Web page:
Can red sage protect against diabetic nephropathy?

(Natural News) Diabetic nephropathy, also known as diabetic kidney disease, is a serious complication that can cause chronic kidney disease and end-stage renal disease. This complication is said to be triggered by oxidative stress. Fortunately, researchers from China and Sri Lanka found that this complication can be attenuated with red sage (Salvia miltiorrhiza), or danshen in Chinese medicine, which possesses strong antioxidant properties.

For the study, the researchers evaluated the kidney-protective effect of red sage extract against diabetic nephropathy and analyzed the underlying molecular mechanism in an experimental diabetic nephropathy model. They treated mouse mesangial cells with a high dose of glucose and treated mice with streptozotocin to imitate the hyperglycemic conditions in people with diabetic nephropathy.

The results showed that the treatment with red sage extract reduced metabolic abnormalities linked to hyperglycemic conditions in the experimental diabetic nephropathy model. In streptozotocin-induced mice, red sage extract treatment enhanced renal function, attenuated albuminuria – a symptom of kidney disease – and mitigated the pathological alterations within the glomerulus, a cluster of capillaries around the end of a kidney tubule. In addition, red sage extract also inhibited high glucose-induced reactive oxygen species both in the cells and mice.

Overall, the findings of the study, which were published in The American Journal of Chinese Medicine, suggest that red sage extract may be used to protect the kidneys against diabetic nephropathy due to its powerful antioxidant properties. (Related: Red sage, also known as Chinese sage, found to protect the kidneys of people with severe acute pancreatitis and obstructive jaundice.)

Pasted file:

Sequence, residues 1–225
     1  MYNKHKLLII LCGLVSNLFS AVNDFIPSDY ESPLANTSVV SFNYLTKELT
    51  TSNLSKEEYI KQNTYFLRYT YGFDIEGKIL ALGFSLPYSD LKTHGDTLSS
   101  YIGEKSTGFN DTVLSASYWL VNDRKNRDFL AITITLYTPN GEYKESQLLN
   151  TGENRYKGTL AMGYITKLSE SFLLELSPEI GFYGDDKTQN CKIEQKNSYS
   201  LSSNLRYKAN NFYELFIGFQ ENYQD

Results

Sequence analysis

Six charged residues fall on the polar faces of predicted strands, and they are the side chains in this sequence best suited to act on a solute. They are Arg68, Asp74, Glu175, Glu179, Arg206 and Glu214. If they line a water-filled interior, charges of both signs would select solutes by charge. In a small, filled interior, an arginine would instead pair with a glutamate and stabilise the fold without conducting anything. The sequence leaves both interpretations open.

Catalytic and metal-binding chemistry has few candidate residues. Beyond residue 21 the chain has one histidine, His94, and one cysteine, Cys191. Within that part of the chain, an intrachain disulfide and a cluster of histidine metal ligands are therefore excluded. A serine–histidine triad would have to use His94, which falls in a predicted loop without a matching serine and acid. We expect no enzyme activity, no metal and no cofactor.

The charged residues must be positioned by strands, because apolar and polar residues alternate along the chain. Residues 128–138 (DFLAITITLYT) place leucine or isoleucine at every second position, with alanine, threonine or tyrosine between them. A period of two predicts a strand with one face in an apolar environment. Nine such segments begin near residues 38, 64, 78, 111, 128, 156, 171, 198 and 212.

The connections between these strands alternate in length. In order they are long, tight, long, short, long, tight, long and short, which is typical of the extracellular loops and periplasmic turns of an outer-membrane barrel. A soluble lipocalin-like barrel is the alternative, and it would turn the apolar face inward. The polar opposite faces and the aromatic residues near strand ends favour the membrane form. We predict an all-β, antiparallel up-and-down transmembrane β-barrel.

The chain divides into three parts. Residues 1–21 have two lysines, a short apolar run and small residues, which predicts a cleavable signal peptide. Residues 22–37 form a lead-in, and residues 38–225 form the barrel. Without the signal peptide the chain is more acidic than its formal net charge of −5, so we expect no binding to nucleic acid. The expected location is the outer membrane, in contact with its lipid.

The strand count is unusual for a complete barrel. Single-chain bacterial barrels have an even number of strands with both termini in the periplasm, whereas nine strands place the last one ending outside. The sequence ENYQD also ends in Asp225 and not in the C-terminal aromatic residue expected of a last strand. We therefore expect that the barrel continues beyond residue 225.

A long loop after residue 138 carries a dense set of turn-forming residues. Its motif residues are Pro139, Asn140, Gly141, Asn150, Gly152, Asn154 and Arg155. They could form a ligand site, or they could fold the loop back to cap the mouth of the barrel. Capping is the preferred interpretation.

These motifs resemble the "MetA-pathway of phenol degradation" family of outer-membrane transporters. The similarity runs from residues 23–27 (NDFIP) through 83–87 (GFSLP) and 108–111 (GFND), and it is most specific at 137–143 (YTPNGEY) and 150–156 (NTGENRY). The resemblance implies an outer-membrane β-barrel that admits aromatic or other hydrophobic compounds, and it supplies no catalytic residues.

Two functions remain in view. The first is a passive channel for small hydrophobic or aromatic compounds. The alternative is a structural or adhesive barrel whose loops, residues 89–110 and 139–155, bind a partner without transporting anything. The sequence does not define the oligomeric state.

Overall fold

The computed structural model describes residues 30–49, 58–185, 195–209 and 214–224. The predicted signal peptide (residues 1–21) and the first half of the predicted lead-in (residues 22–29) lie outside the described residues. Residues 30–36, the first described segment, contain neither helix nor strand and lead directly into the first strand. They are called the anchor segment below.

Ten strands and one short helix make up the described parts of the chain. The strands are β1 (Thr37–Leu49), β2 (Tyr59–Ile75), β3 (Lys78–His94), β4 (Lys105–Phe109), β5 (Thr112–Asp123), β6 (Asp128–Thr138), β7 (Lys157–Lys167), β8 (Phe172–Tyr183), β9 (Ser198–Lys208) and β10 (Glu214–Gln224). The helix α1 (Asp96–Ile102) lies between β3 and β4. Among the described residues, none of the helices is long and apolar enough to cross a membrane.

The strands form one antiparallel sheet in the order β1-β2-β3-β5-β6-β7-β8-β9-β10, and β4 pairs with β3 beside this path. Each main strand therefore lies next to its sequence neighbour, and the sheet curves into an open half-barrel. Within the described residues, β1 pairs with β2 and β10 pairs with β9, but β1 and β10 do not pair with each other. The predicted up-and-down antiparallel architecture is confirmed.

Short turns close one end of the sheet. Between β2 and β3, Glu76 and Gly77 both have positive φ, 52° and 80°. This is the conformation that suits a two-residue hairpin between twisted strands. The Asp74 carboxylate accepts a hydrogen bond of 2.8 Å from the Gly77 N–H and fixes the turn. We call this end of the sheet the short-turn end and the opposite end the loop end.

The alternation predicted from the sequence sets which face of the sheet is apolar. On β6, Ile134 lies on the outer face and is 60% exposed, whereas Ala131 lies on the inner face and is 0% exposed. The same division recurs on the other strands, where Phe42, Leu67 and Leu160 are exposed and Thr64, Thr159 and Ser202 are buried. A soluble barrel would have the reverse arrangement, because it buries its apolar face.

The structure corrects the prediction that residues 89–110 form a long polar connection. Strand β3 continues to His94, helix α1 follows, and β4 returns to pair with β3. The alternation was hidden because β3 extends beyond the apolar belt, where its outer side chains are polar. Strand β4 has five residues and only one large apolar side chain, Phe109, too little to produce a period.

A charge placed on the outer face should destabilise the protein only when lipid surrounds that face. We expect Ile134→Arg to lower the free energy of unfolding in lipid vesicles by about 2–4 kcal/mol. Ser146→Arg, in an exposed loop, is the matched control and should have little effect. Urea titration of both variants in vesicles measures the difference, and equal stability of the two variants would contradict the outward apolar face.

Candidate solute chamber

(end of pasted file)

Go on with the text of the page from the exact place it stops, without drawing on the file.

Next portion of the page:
Red sage also protects the heart from disease

Another group of Chinese researchers looked at the medicinal properties of red sage, particularly its effect on cardiovascular disease. In China and other Asian countries, red sage is widely used in traditional medicine to treat cardiovascular disease. To verify the potential heart-protective effects of red sage, the researchers carried out a literature review.

In the review, which was published in the journal Current Pharmaceutical Design, they summarized various literature of the historical traditional Chinese medicine interpretation of the action of red sage, its use in current clinical trials, its main phytochemical compounds, and its pharmacological findings. They identified 39 clinical trials that used red sage alone or in combination with other herbs for the treatment of cardiovascular diseases.

Based on the data they gathered, more than 200 compounds have been identified from red sage — most of which exhibit various pharmacological activities. These include Danshensu, salvianolic acid B, protocatechuic acid, catechin, protocatechualdehyde, tanshinone, tanshinone IIA, tanshinone VI, lithospermate B, cryptotanshinone, and polysaccharides — all of which contribute to the cardioprotective effects of red sage through various cell signaling pathways.

Different animal and laboratory studies have demonstrated that red sage could treat and prevent the development of cardiovascular diseases. Red sage and its compounds have been shown to lower high blood pressure, improve cholesterol levels, and restore blood flow after a heart attack or stroke. These results provided a better understanding of the actions of red sage for the management of cardiovascular disorders.

The findings of this review strongly support the notion that red sage has beneficial effects and can be potentially used as an effective alternative remedy for the management of cardiovascular diseases. (Click to Source)